New immigrants and births to immigrants inside the US between 2000 and 2017 added 33.9 million people to the country—equal to more than three-fourths of America’s population growth over this time period, a new report from the Center for Immigration Studies (CIS) has revealed.
This dramatic growth was despite an overall lowering of fertility rates among immigrants, the CIS report said.
According to the report, immigrant fertility has declined significantly since 2008, and has fallen even more steeply than the fertility of the native-born–“challenging the commonly held assumption that large-scale immigration is the solution to America’s aging demographic pyramid.”
Steven Camarota, the Center’s Director of Research and co-author of the report, said, “It is tempting to believe that immigrants, with their somewhat higher birth rates, can stop America from aging and provide a quick fix to issues like funding Social Security. The reality, however, is that immigrants’ higher fertility has a very modest impact on the nation’s overall fertility rate–and immigrant fertility has declined more steeply in recent years than natives’. Immigration simply will not solve our aging problem.”
The CIS’s reports key findings are:
* The birth rate for women in their reproductive years (ages 15-50) declined more than twice as much for immigrants as for natives between 2008 and 2017.
* The birth rate for immigrant women of reproductive age declined from 76 to 62 births per thousand from 2008 to 2017 — a decline of 14 births per thousand. In contrast, native fertility declined from 55 to 50 births per thousand — a decline of five births per thousand.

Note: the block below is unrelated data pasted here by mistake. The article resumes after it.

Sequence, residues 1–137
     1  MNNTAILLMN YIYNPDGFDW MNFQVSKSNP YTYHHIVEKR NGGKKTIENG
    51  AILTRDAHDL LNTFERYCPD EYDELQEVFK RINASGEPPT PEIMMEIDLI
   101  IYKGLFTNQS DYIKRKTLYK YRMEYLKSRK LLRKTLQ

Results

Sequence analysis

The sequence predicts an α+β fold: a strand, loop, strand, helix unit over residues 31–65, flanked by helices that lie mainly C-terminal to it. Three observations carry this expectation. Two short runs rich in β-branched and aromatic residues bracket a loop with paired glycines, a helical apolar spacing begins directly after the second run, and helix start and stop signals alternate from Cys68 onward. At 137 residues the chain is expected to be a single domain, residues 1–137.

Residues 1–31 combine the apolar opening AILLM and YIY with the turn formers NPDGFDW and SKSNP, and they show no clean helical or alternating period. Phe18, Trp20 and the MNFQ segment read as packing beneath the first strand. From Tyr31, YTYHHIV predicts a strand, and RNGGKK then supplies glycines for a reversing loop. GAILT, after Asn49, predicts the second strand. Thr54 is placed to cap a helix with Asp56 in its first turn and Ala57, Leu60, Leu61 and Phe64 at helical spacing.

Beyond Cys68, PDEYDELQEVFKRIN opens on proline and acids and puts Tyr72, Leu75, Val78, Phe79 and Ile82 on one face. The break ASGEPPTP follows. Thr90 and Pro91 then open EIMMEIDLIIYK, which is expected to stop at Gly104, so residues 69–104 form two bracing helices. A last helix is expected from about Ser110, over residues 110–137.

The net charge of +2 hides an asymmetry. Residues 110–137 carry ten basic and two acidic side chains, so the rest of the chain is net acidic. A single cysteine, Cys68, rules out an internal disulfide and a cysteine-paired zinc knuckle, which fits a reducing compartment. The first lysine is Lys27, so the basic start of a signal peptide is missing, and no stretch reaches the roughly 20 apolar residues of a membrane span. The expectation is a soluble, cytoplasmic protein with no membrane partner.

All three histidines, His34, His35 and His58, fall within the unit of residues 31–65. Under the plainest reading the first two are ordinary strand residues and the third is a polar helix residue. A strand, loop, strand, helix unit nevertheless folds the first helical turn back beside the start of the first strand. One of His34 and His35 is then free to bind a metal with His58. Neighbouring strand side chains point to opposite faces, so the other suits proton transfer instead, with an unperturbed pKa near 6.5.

* Although still higher than that of natives, immigrant fertility has only a small impact on the nation’s overall birth rate. The presence of immigrants raises the birth rate for all women in their reproductive years by just two births per thousand (3.9 percent).
* Immigration has a minor impact because the difference between immigrant and native fertility is too small to significantly change the nation’s overall birth rate.
* Even if the number of immigrant women 15 to 50 doubled along with births to this population, it would still only raise the overall national birth rate for women in their reproductive years by 2.6 percent.
* In addition to births per thousand, fertility is often measured using the total fertility rate (TFR). The TFR reports the number of children a woman can be expected to have in her lifetime based on current patterns.
* Like the birth rate, the TFR of immigrants has declined more rapidly than the TFR for natives since 2008. In 2008, immigrant women had a TFR of 2.75 children; by 2017 it had fallen to 2.18 — a 0.6-child decline. For natives it declined from 2.07 to 1.76 — a 0.3-child decline.
* Like births per thousand, the presence of immigrants in the country has only a small impact on the nation’s overall TFR. In 2017, immigrants only increased the nation’s overall TFR by 0.08 children (4.4 percent).
* If present trends continue, the TFR of immigrants may drop below 2.1 in the next few years, the level necessary to replace the existing population. An immigrant TFR of less than 2.1 would mean that, in the long run, immigration would add to the aging of American society.
* Another reason that immigration may in the long term add to population aging is that for every major racial/ethnic group sending large numbers of immigrants, fertility is below the replacement level among the native-born generation.
* In 2017, three-fourths of immigrant women in their reproductive years were either Hispanic or Asian. The TFR of native-born Hispanic women was 1.85 children and it was only 1.44 children for native-born Asians — both well below replacement level.
* Although immigration has only a small impact on overall fertility and aging, it has a significant impact on population size. For example, new immigrants and births to immigrants between 2000 and 2017 added 33.9 million people to the country — equal to more than three-fourths of U.S. population growth over this time period.